Government Facility Security Designed for Humans

As international security expert Luke Bencie highlighted in a recent interview, security—and especially government facility security—always boils down to “the human factor.”

Or, really, the human factors. Bencie highlighted the two-sided coin of target vs. attacker. Understanding these perspectives is vital to any proper security assessment. But integrating your assessment’s findings into your building means taking this “human factor analysis” one step further.

Designing Security for More Than Just the Moment of Attack

As TSS CEO Jim Richards often points out, the primary goal of a bullet resistant barrier system is as a deterrent. You keep people safe by changing the calculus for an attacker. If they believe an attack will have a poor payoff—high cost to undertake with a low likelihood of causing critical damage or high likelihood of being thwarted or caught—then they will put their energy elsewhere.

But their goal remains the same: to disrupt public services and erode public confidence. If your security measures create hassles for your stakeholders or damage the functionality of your public services, you’re doing the attackers’ work for them—and paying to do so.

“You need to remember that what you’re really designing for isn’t just the attack—that might happen once, or never. You’re designing for the day-in, day-out use of that building: workers getting their jobs done, citizens and visitors coming to do their business, and so on.”

In bullet resistant and security barrier design, Jim and his team consider various human factors:

  • What do your visitors expect?
  • How do they move through your facility?
  • How does your staff need to flow through the space?
  • What might an attacker do?
  • How will your staff react to that attack?
  • What is the range of likely reactions among your visitors?
  • How will emergency responders need to access the space?

If the system becomes a stumbling block to staff, they will bypass elements, creating loopholes. Attackers will ferret out and prey on these weaknesses.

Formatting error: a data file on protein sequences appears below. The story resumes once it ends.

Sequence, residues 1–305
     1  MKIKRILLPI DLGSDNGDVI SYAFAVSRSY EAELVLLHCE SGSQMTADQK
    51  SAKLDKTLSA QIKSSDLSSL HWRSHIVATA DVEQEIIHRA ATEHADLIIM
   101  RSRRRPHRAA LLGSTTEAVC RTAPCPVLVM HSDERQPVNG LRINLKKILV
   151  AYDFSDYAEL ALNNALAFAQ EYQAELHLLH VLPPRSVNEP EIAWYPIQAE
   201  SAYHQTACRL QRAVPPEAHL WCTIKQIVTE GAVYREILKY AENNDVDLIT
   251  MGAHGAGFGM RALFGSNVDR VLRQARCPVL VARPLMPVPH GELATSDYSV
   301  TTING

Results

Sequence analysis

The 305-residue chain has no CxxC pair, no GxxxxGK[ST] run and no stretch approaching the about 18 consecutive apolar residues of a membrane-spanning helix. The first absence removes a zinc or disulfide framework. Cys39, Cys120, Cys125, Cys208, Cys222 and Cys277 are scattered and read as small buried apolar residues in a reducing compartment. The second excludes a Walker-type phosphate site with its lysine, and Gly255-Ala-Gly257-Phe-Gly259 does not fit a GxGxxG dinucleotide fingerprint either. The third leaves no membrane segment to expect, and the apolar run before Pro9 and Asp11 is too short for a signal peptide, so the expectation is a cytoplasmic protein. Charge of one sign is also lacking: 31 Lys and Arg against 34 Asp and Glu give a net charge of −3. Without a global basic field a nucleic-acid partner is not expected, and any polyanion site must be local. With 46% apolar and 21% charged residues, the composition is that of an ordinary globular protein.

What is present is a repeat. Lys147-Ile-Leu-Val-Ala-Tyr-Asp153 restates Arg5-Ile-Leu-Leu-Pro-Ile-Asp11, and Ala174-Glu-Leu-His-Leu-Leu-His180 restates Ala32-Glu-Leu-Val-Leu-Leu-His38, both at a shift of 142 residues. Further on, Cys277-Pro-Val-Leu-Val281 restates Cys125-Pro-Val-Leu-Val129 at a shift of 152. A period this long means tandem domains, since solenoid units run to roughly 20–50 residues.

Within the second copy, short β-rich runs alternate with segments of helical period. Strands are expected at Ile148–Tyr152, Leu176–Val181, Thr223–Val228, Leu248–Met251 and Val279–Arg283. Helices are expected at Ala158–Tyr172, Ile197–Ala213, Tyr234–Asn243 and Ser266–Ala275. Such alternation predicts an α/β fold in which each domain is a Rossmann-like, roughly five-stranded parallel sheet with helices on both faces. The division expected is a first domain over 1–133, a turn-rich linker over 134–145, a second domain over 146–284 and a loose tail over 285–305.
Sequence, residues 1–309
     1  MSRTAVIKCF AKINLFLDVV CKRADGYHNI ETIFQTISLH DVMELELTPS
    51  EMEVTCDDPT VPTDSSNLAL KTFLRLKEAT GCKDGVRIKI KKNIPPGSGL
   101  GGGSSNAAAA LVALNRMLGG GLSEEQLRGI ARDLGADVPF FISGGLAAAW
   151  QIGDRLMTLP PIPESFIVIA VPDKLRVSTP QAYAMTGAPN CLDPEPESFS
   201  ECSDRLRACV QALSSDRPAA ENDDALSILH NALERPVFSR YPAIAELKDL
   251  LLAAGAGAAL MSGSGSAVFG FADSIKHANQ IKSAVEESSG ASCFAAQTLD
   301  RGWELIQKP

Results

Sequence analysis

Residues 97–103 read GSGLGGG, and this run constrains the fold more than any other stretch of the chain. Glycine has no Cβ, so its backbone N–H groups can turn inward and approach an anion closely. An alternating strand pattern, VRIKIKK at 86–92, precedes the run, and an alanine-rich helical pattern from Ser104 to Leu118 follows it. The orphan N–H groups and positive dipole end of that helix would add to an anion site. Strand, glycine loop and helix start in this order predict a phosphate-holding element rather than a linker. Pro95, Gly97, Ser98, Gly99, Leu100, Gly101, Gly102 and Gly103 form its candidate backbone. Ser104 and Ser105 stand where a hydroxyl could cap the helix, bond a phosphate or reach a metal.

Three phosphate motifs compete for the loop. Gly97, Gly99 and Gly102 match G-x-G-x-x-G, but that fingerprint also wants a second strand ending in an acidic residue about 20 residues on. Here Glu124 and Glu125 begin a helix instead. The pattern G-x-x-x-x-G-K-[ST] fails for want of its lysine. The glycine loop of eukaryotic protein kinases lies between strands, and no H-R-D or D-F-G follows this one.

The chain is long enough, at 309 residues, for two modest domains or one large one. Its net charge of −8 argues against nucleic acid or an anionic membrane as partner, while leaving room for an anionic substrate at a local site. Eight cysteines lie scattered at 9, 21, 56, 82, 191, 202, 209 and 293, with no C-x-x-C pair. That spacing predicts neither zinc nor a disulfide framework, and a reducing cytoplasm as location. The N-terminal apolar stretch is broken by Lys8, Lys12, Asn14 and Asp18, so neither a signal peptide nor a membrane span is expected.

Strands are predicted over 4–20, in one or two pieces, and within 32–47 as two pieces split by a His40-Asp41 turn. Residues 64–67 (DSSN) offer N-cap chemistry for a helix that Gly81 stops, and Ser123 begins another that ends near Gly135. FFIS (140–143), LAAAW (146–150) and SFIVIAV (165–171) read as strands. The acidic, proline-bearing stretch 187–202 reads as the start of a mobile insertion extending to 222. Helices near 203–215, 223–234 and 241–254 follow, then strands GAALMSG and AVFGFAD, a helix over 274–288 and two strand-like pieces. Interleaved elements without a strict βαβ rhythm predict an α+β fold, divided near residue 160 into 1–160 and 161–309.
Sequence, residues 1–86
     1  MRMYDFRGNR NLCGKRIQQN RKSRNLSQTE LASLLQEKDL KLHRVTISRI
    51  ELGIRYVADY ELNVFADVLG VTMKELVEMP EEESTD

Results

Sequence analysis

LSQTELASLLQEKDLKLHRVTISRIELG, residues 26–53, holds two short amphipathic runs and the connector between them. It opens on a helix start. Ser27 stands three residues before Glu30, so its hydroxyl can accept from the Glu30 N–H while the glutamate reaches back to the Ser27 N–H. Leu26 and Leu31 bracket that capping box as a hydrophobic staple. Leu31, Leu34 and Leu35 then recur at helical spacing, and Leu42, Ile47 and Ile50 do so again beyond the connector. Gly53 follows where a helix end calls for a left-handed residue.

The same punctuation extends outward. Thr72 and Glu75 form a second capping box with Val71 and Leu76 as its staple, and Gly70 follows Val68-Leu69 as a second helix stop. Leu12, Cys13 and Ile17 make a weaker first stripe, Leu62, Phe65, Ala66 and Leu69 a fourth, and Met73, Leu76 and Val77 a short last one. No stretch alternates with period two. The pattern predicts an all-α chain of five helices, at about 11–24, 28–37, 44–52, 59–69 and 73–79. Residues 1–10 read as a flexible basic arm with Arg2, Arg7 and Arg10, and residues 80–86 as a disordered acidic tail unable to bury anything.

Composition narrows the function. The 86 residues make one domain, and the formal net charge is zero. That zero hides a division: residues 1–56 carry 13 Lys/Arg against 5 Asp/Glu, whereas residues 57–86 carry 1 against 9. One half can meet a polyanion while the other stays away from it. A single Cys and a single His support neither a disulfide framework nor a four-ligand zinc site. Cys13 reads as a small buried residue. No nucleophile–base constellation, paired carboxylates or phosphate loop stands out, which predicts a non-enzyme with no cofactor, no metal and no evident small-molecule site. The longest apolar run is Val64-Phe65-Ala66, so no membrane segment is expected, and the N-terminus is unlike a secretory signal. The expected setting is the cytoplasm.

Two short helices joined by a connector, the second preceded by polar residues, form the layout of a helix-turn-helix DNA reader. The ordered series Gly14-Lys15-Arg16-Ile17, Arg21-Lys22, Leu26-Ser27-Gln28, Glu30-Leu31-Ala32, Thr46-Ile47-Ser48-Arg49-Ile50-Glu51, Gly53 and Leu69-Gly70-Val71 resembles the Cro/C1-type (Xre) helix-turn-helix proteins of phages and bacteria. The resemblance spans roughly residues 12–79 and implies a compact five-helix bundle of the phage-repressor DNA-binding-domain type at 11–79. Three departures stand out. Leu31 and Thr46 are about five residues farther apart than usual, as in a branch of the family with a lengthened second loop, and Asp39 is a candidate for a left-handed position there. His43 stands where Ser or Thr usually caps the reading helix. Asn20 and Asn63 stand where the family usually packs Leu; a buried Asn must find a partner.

Bulletproof Municipal Buildings

Bulletproof Barriers for Government Facility Security

“You need to build a system that gives you the security you need when you need it, but stays out of the way until that moment. Some of that security comes from the material—which type of transparency, what thickness of fiberglass—but most if it comes from the design. Having access control right. Having the right look, and a proper fit and finish. Bringing all that together is tricky, but when you put thought into the design, it’s far from impossible.”

Government agencies get the best outcome—in terms of emergency security and daily operations—when they talk to their bulletproof designer and fabricator as early as possible in the process.

“When we can be there and handle it on site from the start,” Jim explains, “then we can ask the right questions and really establish what the threat looks like, and what a normal day looks like. From there we can go over levels of protection, and can shape their thoughts and opinions.”

But we do not live in an ideal world. Often the security design is not top of mind, especially if the project is a long-awaited renovation. The bullet resistant barrier and security system is usually a small—though vital—part of a large, complex project.

“We’re often brought in by the architects relatively late in the game,” Jim says. “That’s not the end of the world, but architects can go the wrong direction. This is understandable. It’s rare that security is their area of expertise. They don’t necessarily have experience with these materials, and some of the challenges they pose, structurally.”

Further complicating this is the fact that government projects have long lead times and stringent programmatic requirements. For that reason, it’s never too early to begin discussing your facility’s ballistic barrier requirements.

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